This question does not follow from reading any text, but I was watching Shiraz Minwalla's CFT lectures on YouTube. At 51:36 into the lecture, he raises the question that, as an operator statement, we know $$\partial_\mu j^\mu = 0,$$ where $j^\mu$ is a conserved current of the theory. However, we know that the Ward Identities are

\begin{equation} \langle \partial_\mu j^\mu(x) O_1(x_1)\cdots O_n(x_n)\rangle + \sum_i \langle \cdots O_i(x_i)\delta(x-x_i)\cdots\rangle = 0, \end{equation}

where $\langle \cdots \rangle$ denote a path integral average. Now he says that this is consistent with the fact that $\partial_\mu j^\mu = 0$ as an operator statement simply because path integral calculates time ordered correlators. He continues to say that "having $\partial_\mu j^\mu$ inside a path integral really means \begin{equation} \partial_\mu\langle j^\mu O_1(x_1)\cdots O_n(x_n)\rangle \end{equation} i.e. computing the average at two infinitesimally close insertions and then taking the difference, further dividing by the infinitesimal distance between the insertions. Now what I do not understand is how having $\partial_\mu j^\mu$ 'inside' the path integral actually means the above, since if I just pull out the $\partial_\mu$ from the Ward Identities as well, I get something completely different. Is this really just some abuse of notation and I am unnecessarily confused? I hope I was able to explain my question.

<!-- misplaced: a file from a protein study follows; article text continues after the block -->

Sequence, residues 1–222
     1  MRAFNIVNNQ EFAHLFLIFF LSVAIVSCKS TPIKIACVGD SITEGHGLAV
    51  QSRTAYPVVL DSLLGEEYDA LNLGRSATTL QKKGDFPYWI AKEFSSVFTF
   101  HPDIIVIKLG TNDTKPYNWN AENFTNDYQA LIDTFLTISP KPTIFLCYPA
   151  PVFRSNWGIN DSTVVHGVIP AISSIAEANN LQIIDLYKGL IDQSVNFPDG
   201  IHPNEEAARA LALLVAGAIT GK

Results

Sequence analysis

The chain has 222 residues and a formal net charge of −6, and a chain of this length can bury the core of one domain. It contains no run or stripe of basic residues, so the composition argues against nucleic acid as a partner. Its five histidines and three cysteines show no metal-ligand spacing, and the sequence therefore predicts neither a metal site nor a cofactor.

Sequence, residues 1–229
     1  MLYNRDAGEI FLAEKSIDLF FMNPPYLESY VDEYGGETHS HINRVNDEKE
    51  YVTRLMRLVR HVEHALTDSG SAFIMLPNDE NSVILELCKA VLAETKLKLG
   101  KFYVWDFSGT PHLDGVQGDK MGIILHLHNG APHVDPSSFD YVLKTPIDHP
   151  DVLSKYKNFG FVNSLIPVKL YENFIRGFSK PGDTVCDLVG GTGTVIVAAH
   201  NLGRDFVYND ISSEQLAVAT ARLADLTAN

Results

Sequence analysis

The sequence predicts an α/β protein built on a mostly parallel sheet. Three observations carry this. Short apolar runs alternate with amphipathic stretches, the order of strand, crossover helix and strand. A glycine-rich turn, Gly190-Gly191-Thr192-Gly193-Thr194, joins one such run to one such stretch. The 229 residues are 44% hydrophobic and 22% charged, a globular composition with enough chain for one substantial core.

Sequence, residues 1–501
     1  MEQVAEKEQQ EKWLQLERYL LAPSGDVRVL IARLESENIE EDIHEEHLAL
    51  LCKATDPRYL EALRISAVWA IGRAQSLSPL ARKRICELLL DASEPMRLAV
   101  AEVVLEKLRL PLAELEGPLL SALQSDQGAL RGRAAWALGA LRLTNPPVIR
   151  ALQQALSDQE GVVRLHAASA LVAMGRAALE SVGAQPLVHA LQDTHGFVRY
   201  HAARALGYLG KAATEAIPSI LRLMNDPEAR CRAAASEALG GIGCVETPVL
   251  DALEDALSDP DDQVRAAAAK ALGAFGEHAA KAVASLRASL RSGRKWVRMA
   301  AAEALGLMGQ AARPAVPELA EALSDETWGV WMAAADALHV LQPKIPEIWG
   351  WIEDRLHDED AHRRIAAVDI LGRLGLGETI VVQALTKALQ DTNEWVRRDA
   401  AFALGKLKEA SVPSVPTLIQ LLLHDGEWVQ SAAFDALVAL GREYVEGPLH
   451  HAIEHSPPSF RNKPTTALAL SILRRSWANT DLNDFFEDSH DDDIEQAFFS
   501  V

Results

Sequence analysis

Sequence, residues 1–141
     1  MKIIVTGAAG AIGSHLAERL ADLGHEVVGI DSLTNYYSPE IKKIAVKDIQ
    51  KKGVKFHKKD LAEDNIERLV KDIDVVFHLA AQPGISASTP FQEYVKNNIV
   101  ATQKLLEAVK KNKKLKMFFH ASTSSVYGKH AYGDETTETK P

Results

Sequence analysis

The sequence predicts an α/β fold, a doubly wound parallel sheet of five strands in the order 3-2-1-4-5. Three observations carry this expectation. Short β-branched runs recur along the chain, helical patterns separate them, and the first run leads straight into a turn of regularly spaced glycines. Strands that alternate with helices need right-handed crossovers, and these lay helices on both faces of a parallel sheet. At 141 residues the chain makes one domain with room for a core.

• $\begingroup$ You need to remember that the correlators calculated by the path integral correspond to vacuum expectations of time ordered products in the operator language. $\endgroup$
    – mike stone
    Commented Oct 21, 2023 at 16:53

1 Answer 1


The main point is that each correlator $\langle\cdots\rangle$ implicitly contains a covariant time-ordering $T_{\rm cov}$, i.e. time-differentiations inside its argument should be taken after/outside the usual time ordering $T$ in the correlator. This is necessary in order to correctly translate between the operator formulation and the path integral formulation, cf. e.g. this related Phys.SE post.


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